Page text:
Nissan has said it wants to develop autonomous vehicles by 2020
Mercedes-Benz has set a similar target for self-driving cars
A whole host of sub-systems will need to work together to make the concept a reality
Self-steering inputs are smooth and well calculated by the on-board computers
The Leaf prototype uses four cameras to provide a 360 degree view of the car
A 'valet' option on the keyfob would send the car to self-park
Some vehicles are already equipped with emergency services call buttons
This Leaf can identify and negotiate a variety of driving terrains
This prototype observes lane discipline using laser scanners
The race for mass-market self-driving cars is well and truly on.
Mercedes-Benz recently tested an autonomous S-class on public roads and declared it wants to be first to market such a car, tentatively suggesting it would do so this decade. But Nissan has boldly announced plans to sell affordable self-driving cars by 2020, so we took the chance to assess its progress via an autonomous Leaf prototype.
It’s all part of Nissan’s ‘Blue Citizenship’ social responsibility plan, a trinity of goals consisting of zero emissions (the Leaf is already the world’s best-selling EV by far), near-zero fatalities and mobility for all. It’s the latter aims that autonomous driving will tackle; after all, 93 per cent of the US’s road accidents are caused by human error, and an autonomous car could also grant new independence to those unable to drive.
The tech is based on Nissan’s existing ‘Safety Shield’, a radar and camera-based set-up that has featured on 730,000 cars to date, bringing with it features such as lane departure warning, adaptive cruise and all-around camera views. The autonomous Leaf adds continuously scanning lasers — ten times more precise than radar — and a raft of new software algorithms to fuse, process and react to sensor feeds and actuation systems for the steering, accelerator and brakes. (Only the steering wheel is physically actuated; the Leaf’s accelerator and brakes are electronically controlled, so there’s no need for pedal movement, and the controls retain precautionary manual override.)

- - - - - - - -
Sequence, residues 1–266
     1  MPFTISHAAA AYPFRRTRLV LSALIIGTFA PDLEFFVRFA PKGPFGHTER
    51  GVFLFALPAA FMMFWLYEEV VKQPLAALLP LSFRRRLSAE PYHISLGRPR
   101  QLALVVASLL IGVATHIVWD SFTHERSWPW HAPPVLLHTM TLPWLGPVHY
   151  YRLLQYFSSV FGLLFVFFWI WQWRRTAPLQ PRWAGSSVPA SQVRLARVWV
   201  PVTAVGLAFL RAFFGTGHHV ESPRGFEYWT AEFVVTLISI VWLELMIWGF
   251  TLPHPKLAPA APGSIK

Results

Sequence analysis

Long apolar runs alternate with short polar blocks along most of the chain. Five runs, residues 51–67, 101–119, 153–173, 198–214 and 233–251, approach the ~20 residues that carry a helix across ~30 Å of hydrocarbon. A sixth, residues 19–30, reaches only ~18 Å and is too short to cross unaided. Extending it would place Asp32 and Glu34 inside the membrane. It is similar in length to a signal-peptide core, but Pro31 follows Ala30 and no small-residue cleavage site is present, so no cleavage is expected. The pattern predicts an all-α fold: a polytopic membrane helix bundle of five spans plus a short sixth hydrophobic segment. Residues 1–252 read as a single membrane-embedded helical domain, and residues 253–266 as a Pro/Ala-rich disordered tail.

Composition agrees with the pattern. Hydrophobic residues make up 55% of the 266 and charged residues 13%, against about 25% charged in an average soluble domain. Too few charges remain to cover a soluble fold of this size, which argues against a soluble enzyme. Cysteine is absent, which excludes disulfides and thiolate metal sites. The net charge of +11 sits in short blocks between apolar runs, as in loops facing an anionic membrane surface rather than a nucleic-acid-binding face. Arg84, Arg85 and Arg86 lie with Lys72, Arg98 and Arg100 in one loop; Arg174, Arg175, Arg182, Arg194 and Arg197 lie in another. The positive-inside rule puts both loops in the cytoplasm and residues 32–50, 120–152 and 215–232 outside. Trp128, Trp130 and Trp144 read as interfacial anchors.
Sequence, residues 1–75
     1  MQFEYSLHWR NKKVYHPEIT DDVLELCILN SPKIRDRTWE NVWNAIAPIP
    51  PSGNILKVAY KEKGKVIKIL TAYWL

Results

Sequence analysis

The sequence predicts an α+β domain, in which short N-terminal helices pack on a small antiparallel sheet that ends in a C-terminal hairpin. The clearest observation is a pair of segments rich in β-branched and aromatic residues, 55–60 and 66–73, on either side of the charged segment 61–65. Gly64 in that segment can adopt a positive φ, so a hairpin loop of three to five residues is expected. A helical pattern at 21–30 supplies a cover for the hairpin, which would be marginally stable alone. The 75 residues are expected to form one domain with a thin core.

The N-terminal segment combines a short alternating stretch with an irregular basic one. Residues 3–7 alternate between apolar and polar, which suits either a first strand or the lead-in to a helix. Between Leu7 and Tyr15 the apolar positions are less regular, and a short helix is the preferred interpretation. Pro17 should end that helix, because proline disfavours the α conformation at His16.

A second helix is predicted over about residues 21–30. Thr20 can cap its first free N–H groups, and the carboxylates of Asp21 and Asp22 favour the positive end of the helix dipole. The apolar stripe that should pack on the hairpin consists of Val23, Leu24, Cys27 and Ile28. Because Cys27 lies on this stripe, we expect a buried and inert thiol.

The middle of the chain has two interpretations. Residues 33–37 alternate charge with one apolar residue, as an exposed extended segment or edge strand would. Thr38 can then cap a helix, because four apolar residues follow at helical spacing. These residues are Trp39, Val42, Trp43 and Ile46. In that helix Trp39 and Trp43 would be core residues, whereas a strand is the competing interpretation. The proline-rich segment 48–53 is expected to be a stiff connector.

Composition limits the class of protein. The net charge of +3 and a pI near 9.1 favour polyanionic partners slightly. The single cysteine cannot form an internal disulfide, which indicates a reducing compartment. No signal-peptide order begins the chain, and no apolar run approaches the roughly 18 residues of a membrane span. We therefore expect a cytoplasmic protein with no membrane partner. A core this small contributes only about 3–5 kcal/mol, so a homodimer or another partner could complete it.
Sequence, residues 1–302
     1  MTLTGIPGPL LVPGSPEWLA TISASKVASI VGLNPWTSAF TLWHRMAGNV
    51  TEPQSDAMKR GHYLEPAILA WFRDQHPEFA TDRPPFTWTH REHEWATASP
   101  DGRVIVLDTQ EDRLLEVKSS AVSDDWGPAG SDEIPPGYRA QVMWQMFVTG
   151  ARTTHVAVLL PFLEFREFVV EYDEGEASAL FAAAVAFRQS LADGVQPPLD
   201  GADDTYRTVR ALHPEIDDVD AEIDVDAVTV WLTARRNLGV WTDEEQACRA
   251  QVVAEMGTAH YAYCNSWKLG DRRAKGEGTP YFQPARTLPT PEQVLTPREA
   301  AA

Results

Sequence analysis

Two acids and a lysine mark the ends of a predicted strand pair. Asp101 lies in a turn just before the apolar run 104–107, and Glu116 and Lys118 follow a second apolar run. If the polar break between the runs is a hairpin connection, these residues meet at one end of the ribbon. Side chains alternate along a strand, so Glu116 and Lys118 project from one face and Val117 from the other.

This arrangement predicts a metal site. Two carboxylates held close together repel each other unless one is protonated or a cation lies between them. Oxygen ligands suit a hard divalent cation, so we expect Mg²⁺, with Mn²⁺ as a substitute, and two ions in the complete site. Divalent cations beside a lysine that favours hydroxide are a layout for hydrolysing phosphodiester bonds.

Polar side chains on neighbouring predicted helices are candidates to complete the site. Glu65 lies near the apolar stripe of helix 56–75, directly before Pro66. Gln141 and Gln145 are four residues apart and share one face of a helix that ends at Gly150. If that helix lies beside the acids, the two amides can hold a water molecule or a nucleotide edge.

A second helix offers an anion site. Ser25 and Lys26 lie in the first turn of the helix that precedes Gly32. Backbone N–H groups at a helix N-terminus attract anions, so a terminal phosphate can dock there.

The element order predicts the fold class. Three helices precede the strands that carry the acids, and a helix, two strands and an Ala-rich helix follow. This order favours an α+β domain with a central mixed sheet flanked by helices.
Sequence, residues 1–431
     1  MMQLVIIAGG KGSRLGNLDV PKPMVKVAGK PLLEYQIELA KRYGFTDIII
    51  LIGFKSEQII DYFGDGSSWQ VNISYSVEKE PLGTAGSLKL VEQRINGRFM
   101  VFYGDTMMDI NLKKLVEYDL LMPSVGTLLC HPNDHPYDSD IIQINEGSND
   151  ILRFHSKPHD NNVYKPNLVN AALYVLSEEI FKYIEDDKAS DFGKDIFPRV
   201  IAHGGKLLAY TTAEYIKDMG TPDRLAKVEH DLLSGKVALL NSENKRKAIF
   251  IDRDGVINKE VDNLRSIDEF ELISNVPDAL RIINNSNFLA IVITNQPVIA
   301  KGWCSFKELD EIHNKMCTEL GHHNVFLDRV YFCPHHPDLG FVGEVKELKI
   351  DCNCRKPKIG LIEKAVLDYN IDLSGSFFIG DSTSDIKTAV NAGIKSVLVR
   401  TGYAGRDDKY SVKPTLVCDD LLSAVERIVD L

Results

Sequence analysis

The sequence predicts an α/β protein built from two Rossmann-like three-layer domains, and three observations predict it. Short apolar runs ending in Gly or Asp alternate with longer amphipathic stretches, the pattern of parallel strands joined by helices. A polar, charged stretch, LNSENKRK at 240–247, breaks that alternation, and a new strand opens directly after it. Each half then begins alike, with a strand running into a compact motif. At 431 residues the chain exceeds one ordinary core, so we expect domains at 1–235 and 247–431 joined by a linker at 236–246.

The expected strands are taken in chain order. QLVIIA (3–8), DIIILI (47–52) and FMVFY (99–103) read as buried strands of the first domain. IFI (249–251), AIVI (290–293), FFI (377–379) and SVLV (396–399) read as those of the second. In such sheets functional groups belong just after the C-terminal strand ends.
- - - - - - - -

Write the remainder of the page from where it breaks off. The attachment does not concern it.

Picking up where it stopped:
Autonomous driving is said to be safer simply because machines work more quickly than we do. Our eyes capture fewer frames per second than a high-speed camera, our brain processes data and reacts to it more slowly than a CPU, and our hands and feet are trounced for pace by electronic actuators.
In addition to safety and mobility benefits, autonomous cars would also relieve us of driving’s regular tedium. Why waste your attention edging through town or slogging up the motorway when you could be reading or working? Or, as one demo showed us, why spend your time parking when you could be shopping?
Nissan says the logical progression is for cars that communicate with each other to create optimum traffic flow without stop lights or lanes. Same space, more cars, less congestion. The company’s laser-equipped knee-high robots (‘EPOROs’) preview the possibility by moving together like a school of fish.
Here's the technology which will move autonomous vehicles from the blackboard to the black top.
Once the driver steps out, a ‘valet’ button on the key fob locks the doors and sets the car off to find a space, having recorded the drop-off point by GPS. Using lasers and cameras, the Leaf navigates around cars (both parked and moving) and painted lanes. When a space is identified, the Leaf signals, pulls past it, checks the size of the gap and then reverses in with the help of conventional radar sensors. Shopping done, the owner presses the valet button again and the Leaf navigates its way back to the starting point.
Fully equipped, the autonomous Leaf uses four cameras that combine to give a near-360 degree view (the front camera is a hi-res, long-range unit to help read road signs). A front radar sensor reads up to 200m ahead of the car, there is a further radar sensor at each rear corner (whose arrays overlap and extend to 70m), plus there’s the new bit: six laser scanners, positioned front, rear and at each corner. These scanners are the boxy addenda you see on the silver car and have a useful range of 100m. The laser control unit in the rear of the car collates the feeds, then sends signals to the steering actuator, accelerator and brakes.
The Leaf observes lane discipline via laser scanners, passing slower vehicles using the outside lane and signalling appropriately. Unexpected obstacles such as errant pedestrians are recognised by the lasers, too, and if braking alone won’t avoid them, the steering actuators kick in. An ‘SOS’ button pulls the car in then triggers a call to the emergency services. All the while, speed limits are observed via sign recognition.
Working with or without sat-nav assistance, the Leaf identifies and negotiates complex urban scenarios such as US four-way stop sign intersections, acting on the first-stop, first-go convention by recognising road signs and monitoring the activity of other vehicles via laser scanning. Traffic lights are observed, accompanied by a “signal is red/green” voice message to explain the car’s behaviour. The Leaf also pauses behind parked vehicles before passing via the oncoming lane when it’s clear to do so.
The passenger experience
Though prone to adopting overly cautious driving lines around obstacles, the autonomous Nissan Leaf isn’t shy about calling on the electric drivetrain’s instant torque for rapid acceleration, and braking is fairly aggressive, too.
The actuated steering inputs are a revelation, though; close your eyes and there could almost be human hands on the wheel, so smooth are the inputs — even during emergency manoeuvres.